Alaska floatplanes collided at 3,300 feet before crashing


Four people died and two are missing following the midair collision of two sightseeing floatplanes carrying Royal Princess passengers near Ketchikan, Alaska, on Monday.

The larger plane, a de Havilland Otter DHC-3 with 10 passengers and the pilot, was returning from Misty Fjords when it collided with a smaller sightseeing plane, a de Havilland DHC-2 Beaver carrying four passengers from the same cruise ship and a pilot.

In a statement to ABC News, Princess Cruise Lines said: "We are incredibly distressed by the situation, and our thoughts and prayers are with those onboard the planes and their families. Princess Cruises is extending its full support to traveling companions of the guests involved", said the company.

The ship left Canada's Vancouver city on May 11 and was scheduled to arrive in the city of Anchorage in Alaska on Saturday.

A Coast Guard helicopter searches for an Australian and a Canadian, who were initially missing.

The Beaver had 5 people aboard, and the Otter had 11 people aboard, the FAA said.

Authorities say the collision occurred at 1:08pm on Monday, local time, in George Inlet some eight nautical miles from the town of Ketchikan, where cruise ships often stop.

US Coast Guard spokesman Jon-Paul Rios said of the 10 hospitalised in Ketchikan, one was in critical condition.

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Two victims of a mid-air floatplane crash in Alaska earlier this week were residents of Richmond, B.C., CTV News has learned. She said the ship is not leaving as scheduled and there weren't any details as to how the accident will affect the rest of the trip.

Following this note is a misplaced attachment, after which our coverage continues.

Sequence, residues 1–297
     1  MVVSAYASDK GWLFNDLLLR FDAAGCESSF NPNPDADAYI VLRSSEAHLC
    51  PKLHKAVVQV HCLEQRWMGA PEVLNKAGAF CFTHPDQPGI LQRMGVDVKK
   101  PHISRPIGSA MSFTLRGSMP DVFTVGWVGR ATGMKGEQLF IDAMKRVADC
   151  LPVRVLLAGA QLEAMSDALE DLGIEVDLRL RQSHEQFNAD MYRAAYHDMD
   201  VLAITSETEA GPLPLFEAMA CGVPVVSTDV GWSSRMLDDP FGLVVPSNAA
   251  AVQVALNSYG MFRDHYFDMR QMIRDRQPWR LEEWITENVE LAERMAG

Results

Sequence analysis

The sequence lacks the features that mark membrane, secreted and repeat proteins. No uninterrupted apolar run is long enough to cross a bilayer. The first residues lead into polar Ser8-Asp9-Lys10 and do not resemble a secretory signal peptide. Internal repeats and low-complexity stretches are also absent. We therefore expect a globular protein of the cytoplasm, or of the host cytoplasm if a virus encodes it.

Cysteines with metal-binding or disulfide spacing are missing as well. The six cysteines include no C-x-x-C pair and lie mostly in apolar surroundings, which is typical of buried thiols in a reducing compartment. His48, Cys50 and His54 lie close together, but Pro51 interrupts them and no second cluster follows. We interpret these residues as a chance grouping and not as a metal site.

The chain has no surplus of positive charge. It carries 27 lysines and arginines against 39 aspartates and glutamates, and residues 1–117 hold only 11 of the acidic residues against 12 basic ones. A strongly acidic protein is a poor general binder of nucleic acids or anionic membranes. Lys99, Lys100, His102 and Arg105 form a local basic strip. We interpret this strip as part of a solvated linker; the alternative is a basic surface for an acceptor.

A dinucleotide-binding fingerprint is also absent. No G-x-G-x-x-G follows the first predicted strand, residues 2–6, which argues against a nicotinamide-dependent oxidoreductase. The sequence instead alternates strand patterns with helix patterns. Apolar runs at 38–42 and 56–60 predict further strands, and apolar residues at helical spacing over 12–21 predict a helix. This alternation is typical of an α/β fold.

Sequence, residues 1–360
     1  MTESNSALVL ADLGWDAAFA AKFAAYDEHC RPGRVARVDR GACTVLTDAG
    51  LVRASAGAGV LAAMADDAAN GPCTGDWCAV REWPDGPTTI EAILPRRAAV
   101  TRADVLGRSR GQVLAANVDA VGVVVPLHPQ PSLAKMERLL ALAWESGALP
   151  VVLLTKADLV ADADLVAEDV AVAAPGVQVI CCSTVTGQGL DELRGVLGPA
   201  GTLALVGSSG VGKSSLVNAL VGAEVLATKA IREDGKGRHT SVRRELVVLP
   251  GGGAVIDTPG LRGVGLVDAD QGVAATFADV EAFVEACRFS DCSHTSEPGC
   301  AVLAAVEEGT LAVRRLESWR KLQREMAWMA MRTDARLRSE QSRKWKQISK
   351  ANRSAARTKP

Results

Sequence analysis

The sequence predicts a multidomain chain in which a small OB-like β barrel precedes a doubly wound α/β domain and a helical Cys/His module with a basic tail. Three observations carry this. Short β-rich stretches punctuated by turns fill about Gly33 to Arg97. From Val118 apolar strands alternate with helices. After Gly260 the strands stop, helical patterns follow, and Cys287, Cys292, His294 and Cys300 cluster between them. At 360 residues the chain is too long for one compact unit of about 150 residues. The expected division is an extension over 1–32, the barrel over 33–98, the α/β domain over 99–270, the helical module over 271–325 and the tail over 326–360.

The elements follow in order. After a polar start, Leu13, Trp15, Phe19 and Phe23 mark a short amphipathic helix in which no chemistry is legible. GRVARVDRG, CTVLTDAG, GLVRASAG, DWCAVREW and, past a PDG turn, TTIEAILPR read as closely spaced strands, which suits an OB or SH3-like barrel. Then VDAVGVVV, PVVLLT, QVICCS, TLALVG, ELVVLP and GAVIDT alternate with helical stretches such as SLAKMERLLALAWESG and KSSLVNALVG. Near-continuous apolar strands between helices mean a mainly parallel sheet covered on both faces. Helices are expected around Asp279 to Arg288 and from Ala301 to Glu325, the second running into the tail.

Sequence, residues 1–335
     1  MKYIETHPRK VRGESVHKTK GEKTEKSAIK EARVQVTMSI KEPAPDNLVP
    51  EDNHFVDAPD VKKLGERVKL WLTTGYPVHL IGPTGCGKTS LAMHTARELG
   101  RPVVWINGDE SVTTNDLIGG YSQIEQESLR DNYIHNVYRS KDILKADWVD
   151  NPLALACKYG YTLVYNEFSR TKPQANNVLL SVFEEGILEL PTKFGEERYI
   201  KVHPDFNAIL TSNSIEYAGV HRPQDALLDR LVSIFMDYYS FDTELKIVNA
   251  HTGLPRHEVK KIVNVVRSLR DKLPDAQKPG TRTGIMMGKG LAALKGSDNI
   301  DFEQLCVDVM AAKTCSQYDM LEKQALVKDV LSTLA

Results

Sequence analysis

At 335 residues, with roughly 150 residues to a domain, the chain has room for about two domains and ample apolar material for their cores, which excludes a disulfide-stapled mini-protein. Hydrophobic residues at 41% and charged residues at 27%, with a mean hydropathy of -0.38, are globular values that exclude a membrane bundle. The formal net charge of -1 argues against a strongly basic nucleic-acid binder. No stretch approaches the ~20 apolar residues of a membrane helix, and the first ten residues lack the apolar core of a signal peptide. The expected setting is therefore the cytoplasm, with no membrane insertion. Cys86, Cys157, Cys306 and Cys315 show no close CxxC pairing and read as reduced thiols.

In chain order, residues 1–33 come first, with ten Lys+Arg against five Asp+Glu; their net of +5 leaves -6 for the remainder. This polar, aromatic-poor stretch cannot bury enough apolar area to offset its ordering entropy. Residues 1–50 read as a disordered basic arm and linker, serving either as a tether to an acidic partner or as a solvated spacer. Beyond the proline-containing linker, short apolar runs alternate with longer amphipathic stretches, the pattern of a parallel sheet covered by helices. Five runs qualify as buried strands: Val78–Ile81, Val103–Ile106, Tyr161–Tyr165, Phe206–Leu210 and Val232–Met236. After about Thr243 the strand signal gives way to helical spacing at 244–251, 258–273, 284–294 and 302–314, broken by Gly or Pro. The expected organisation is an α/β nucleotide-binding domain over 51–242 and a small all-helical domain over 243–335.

The planes, featuring pontoons that allow them to land on water, were flying cruise ship passengers on tours of Misty Fjords National Monument in the nearby Tongass National Forest, Princess Cruises said in a statement.

"At this time, we are in the midst of an active crisis response, and our focus is on assisting these passengers, the pilot, our staff, their families and loved ones and first responders", Taquan said in a statement.

Simon Bodie, 56, from Tempe in Sydney's inner-west, was one of six people killed a seaplane crash in Alaska on Monday.

A preliminary report by the ATSB found there were no obvious mechanical defects or fuel contamination on the aircraft, which was up-to-date with maintenance checks and flown by a well-qualified pilot, Canadian-born Gareth Morgan, 44.

A team of 14 National Transportation Safety Board investigators has been sent to the site and divers will start working on Wednesday to pull up the wreckage of the two planes.

"We have been in regular contact with the family members throughout our search efforts", said Capt. Stephen White, Sector Juneau commander.

USA transport authorities are set to investigate the cause of the crash.